Trudeau Responds to Allegations That 11 Canadian Federal Candidates Received Chinese Funding in 2019 Election

Peter Wilson
By Peter Wilson
November 12, 2022Canada

Prime Minister Justin Trudeau has responded to questions about a recent news report alleging that at least 11 federal candidates, whose party affiliations weren’t revealed, received funding from the Chinese Communist Party (CCP) in the 2019 federal election.

“State actors from around the world, whether it’s China or others, are continuing to play aggressive games with our institutions, with our democracies,” Trudeau said at a press conference in Laval, Quebec, on Nov. 7.

“We have taken significant measures to strengthen the integrity of our elections processes and our systems,” he said. “We will continue to invest in the fight against election interference—against foreign interference—of our democracies and institutions.”

The questions were related to a Global News report published earlier that day alleging that intelligence officials had warned Trudeau and several cabinet ministers, in a series of briefings and memos beginning in January, about CCP interference in Canada that can include “covert funding to influence election outcomes,” and also that at least 11 candidates in the 2019 federal election received CCP funding during their campaigns.

The report adds that according to the Canadian Security Intelligence Service (CSIS), the Chinese Consulate in Toronto covertly directed a large transfer of funds to a clandestine network of those candidates as well as many Beijing operatives working as their campaign staffers.

Global News said the funds were allegedly transferred through an Ontario provincial MPP and a federal election candidate staffer. Some, but not all, members of the network are “witting affiliates” of the CCP, the report said, based on the intelligence briefings.

The report also says the briefings alleged that a Toronto’s Chinese Consulate official directed a campaign staffer to control and monitor the meetings of the candidate the staffer was working for.

“The world is changing and sometimes in quite scary ways,” Trudeau said on Nov. 7. “And we need to make sure that those who are tasked with keeping us safe every single day are able to do that.”

In 2010, then-director of CSIS Richard Fadden told CBC News in an interview that there were “several municipal politicians in British Columbia” and ministers of the Crown “in at least two provinces … who we think are under at least the general influence of a foreign government.”

“We’re in fact a bit worried in a couple of provinces that we have an indication that there’s some political figures who have developed quite an attachment to foreign countries,” Fadden said.

David Mulroney, a former Canadian ambassador to China, says in recent years there has been an “exponential expansion” of Chinese operations directly targeted at undermining Canadian democracy.

“PM [Trudeau] was briefed about this ‘vast campaign’ in January but remained silent,” Mulroney said in a Twitter post on Nov. 8. “Then in June he expanded the team devising his China strategy to include people as stubbornly naive about the PRC [People’s Republic of China] as he is. No doubt many promotions, bonuses at China’s consulate in Toronto.”

Chinese Interference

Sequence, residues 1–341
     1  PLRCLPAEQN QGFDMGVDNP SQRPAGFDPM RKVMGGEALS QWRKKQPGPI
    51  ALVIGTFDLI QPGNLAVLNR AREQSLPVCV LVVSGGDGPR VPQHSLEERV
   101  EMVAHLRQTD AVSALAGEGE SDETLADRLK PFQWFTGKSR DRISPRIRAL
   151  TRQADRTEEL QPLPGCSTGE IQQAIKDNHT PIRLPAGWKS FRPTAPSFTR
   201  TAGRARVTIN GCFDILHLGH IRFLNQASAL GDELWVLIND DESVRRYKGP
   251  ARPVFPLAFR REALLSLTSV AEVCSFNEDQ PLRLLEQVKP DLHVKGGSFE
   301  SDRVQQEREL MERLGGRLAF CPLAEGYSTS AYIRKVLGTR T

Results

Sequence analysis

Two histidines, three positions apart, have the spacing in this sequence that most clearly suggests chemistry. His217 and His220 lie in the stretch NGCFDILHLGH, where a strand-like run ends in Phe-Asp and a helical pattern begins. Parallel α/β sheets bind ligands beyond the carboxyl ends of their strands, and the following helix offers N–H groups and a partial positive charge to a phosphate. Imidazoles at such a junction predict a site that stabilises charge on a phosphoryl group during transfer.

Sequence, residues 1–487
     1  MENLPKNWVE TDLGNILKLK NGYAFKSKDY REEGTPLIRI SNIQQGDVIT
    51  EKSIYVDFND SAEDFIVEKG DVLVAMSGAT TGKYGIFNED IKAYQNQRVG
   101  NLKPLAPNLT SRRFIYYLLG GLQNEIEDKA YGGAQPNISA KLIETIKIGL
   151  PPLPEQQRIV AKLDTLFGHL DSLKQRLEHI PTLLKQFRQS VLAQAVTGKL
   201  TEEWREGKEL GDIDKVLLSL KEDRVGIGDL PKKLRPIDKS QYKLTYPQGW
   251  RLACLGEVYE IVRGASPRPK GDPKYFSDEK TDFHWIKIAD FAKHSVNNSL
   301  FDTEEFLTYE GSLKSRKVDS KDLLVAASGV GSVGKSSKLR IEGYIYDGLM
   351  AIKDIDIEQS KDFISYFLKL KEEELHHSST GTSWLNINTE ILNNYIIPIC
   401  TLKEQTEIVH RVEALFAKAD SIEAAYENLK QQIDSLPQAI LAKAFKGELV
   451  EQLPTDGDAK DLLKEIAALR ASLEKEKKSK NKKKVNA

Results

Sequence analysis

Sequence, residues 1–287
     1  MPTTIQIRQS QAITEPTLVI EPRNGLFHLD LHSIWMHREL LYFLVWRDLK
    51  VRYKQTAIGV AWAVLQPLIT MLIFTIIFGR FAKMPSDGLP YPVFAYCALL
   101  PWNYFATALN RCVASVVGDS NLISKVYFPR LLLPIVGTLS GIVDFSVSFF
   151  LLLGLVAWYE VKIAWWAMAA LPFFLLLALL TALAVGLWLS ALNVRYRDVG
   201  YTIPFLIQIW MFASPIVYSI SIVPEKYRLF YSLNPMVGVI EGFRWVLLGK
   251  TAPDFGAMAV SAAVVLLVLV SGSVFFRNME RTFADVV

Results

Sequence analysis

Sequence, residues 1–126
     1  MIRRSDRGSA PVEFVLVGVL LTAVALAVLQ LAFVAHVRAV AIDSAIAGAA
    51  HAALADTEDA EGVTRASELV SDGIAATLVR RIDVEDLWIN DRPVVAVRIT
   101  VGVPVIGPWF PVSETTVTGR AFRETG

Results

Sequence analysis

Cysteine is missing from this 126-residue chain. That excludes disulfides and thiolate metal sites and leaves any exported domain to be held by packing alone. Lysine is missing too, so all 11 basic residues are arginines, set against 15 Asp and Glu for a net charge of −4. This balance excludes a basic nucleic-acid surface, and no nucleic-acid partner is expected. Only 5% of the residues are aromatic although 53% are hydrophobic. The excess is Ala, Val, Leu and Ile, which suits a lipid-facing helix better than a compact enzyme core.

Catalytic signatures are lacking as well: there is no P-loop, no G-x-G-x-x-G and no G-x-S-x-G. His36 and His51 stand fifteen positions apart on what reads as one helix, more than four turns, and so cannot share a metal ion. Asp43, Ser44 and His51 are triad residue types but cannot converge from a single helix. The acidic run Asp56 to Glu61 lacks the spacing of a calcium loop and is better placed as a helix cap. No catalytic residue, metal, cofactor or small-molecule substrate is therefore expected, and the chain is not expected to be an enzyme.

In his interview in 2010, Fadden also said Chinese authorities had organized demonstrations to protest Canadian government policies deemed harmful to the CCP.

“They have organized demonstrations against the Canadian government in respect to some of our policies concerning China. They’ve organized demonstrations to deal with what are called the five poisons: Taiwan, Falun Gong, and others,” he said.

Trudeau said during his Nov. 7 press conference that the federal government is “creating new tools” to support CSIS and other Canadian intelligence agencies in preventing foreign election interference.

“There are already significant laws and measures that our intelligence and security officials have to go against foreign actors operating on Canadian soil,” he said.

Experts have long warned about China’s interference efforts in Canadian elections. This issue was one of the main subjects explored in a recent House of Commons committee meeting.

Marcus Kolga, director of DisinfoWatch, told the House Standing Committee on Procedure and House Affairs on Nov. 3 that “in the weeks before the September 2021 election, we were alerted to Chinese state media narratives that directly targeted the Conservative Party and its leader Erin O’Toole.”

“Simultaneously, members of the Chinese-Canadian community brought to our attention similar narratives appearing on local Canadian Chinese-language media platforms and Chinese local media channel WeChat,” Kolga said.

He said the CCP-owned tabloid Global Times attacked O’Toole’s foreign policy platform in an article published Sept. 9, 2021.

“The Global Times article threatened Canadians that if they elected a Conservative government, Canadians should expect ‘a strong counter strike and Canada will be the one to suffer.'”

Australian scholar Clive Hamilton has said that Beijing’s election interference operations are most advanced in Canada.

The 2020 book he co-wrote, “Hidden Hand,” says the CCP’s “United Front” organizations, which are mandated by the Party to curb potential opposition groups inside China as well as increase the CCP’s influence abroad, “are increasingly following the advice laid out in 2010 by a CCP strategist—build ethnic Chinese-based political organizations, make political donations, support ethnic Chinese politicians, and deploy votes to swing close-run elections.”

Hamilton told The Epoch Times in a previous interview that Beijing’s United Front organizations seem to be more entrenched in Canada compared to peer countries.

Isaac Teo contributed to this report.

From The Epoch Times

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